Just could not get into it. In comparison to authors like Peter Hamilton it's very simplistic in its portrayal of our possible future. Probably no worse Han most sci-if though.
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on 15 March 2017
Nothing new in the plot but told with a great attention to detail along with some enjoyable concepts. If you liked the tone of the re-imagined Battlestar Galactica with a slightly harder tech edge in places you'll probably have a good time with this tale.
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on 22 December 2016
Who this book is for:
If you enjoy action movies and have no problem with any ridiculous and impossible feats, don't care much for science but enjoy fiction and believe Bond should always get the girl, this book is for you.

This book is not for you if:
You require a sense of reality and believability from your story, enjoy plausible science in your science fiction and enjoy when pacing and timing are believable.

Warning! This review may contain some spoilers!!!

Preface: While this book receives quite a bit of positive attention it has quite a bit of shortcomings if you fall under the second category mentioned above that make it difficult to read through. The following will be counter arguments to the 5 star reviews posted.

Initially the book is quite engaging. The concept of this futuristic legion with it's cyborgs, brain in a box technology and distinct culture and lifestyle offers quite a fascinating backdrop for what could've been a space opera epic. Unfortunately the execution leaves this story very wanting and at times frustrating. It's a space soap opera more than a space opera.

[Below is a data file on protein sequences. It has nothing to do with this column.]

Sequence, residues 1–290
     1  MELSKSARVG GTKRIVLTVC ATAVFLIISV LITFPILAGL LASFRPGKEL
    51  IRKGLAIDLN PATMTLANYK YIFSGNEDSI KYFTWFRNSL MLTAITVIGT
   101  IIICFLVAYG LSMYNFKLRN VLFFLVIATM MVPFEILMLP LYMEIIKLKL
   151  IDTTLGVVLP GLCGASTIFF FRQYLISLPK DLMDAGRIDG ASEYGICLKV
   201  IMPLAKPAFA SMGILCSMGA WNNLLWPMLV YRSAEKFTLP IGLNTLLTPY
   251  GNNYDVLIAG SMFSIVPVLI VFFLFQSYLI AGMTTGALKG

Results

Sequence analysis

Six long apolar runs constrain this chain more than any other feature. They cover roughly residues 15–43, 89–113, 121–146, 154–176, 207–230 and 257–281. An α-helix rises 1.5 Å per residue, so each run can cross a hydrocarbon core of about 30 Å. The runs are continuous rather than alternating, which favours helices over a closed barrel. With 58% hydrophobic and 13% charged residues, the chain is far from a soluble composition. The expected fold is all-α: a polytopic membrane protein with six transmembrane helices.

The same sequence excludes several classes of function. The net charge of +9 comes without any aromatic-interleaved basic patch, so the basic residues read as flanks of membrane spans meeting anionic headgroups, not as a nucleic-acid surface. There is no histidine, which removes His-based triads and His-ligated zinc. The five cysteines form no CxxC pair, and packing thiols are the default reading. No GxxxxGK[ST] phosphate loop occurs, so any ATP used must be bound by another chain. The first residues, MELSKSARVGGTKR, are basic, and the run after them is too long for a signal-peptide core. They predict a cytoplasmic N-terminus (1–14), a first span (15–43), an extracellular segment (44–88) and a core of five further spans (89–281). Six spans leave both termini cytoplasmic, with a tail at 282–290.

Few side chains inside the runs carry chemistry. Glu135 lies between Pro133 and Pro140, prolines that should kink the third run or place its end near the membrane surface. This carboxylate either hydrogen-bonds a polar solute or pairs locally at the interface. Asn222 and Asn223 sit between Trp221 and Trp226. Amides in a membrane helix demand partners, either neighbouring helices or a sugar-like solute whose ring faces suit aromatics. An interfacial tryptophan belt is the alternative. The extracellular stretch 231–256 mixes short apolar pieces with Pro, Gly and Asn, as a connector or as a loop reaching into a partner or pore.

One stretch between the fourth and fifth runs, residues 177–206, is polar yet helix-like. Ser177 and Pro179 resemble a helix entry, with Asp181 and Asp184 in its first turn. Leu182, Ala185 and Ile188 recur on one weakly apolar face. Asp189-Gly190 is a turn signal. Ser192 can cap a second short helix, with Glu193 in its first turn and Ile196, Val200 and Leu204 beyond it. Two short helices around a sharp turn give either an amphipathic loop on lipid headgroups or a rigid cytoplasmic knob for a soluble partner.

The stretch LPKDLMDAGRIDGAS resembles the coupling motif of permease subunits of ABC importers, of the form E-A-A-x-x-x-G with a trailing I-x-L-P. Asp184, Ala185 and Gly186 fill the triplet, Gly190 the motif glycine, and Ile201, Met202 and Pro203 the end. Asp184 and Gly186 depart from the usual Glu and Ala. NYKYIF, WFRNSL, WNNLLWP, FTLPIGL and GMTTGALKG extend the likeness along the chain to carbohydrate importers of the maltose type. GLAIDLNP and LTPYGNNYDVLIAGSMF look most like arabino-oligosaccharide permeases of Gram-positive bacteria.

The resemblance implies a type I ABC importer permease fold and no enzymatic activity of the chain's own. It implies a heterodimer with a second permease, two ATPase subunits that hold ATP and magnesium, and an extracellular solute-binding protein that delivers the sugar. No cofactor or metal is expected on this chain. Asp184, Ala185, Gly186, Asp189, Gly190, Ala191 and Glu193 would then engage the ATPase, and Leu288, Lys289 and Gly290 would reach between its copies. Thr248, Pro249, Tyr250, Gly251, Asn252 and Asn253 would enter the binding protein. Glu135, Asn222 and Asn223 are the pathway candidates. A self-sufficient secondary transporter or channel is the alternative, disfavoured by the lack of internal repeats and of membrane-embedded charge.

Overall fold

Let's start off with the characters. The personalities of all involved are all interchangeable within their tropes. The good guys, whether they are named Booly or St. James or Mosby, might as well all be the same actor alternating wigs and hats. The characters are bland to put it straight and all think along the same lines. Essentially not a problem but makes for less entertaining reading as the names are interchangeable and the only differing aspect is context. The problem bleeds over into a bigger pathology when interspecies differences are considered in the book but I will return to this point later.

No character manages to strike him or herself as a specific personality and they continue to shift their behaviour to perfectly fit the situation at hand. This may in some way be considered character development but in this case the characters develop to such a point that they are perfectly adaptable to any situation no matter the problem. the lack of creativity in variation in the character is strengthened by the fact that nearly each of the major characters at one point or another devolves into somewhat of sex crazed 16 year old. I'm only half embellishing when I say everyone has sex with atleast one other person even though that other person is a mortal enemy or killed them.

The romance of this book isn't romantic, attraction is played as some uncontrollable instinct that will eventually shack two people up and the intimacy is awkward at best. The intimate and romantic sequences of this book are mostly completely unimportant to the story, with the exception of one rather poorly excecuted Romeo and Juliette affair that ends happily.

The book is largely predictable and there is never a sense of urgency or danger. Despite insistence of human extinction abound the author fails to deliver any real perception of threat. Enemy masterminds, massive strength and technology are all swept aside quite easily at various point leaving the reader wondering, so what exactly was that hard about all this? Additionally the unfortunate stereotype that this genre has of recurring extreme luck saving the day is plentiful.